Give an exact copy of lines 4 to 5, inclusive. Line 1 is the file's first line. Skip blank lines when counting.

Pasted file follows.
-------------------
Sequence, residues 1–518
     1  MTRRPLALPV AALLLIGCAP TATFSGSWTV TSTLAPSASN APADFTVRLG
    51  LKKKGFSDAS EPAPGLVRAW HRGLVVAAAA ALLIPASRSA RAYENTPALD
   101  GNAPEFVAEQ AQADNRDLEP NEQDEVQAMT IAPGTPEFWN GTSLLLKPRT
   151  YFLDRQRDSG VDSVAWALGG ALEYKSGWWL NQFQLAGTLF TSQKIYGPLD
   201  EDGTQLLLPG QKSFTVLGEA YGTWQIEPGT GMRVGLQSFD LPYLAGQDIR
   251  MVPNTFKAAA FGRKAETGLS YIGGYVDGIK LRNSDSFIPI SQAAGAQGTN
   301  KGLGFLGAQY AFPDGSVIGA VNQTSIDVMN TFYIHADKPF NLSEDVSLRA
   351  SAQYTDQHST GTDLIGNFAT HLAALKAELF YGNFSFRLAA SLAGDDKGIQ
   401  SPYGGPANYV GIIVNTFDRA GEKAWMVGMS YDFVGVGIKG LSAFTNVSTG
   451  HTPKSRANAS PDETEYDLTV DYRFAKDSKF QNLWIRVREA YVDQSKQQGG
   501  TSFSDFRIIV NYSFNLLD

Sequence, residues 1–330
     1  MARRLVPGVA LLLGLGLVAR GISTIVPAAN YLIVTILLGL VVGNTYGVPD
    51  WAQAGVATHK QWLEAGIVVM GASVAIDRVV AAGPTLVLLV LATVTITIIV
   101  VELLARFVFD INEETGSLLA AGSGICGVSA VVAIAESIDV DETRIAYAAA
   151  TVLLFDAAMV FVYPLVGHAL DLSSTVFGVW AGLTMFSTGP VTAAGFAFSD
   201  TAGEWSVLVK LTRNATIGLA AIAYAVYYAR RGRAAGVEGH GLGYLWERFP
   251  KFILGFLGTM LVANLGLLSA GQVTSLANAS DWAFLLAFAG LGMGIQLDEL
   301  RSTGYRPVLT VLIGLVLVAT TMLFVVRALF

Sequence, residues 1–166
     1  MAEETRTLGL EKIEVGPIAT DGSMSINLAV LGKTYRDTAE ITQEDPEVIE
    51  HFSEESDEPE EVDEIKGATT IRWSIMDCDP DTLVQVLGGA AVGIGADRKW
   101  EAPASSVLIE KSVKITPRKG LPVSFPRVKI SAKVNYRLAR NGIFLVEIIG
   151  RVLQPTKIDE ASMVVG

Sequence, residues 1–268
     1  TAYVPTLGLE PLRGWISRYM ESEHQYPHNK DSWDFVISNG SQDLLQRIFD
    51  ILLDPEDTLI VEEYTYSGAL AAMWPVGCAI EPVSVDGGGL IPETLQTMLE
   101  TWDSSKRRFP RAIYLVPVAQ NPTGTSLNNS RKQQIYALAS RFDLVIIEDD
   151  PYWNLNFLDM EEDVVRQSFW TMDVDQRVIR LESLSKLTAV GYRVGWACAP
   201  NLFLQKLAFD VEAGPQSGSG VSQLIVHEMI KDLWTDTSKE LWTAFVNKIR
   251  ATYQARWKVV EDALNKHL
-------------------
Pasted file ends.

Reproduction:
   101  GNAPEFVAEQ AQADNRDLEP NEQDEVQAMT IAPGTPEFWN GTSLLLKPRT
   151  YFLDRQRDSG VDSVAWALGG ALEYKSGWWL NQFQLAGTLF TSQKIYGPLD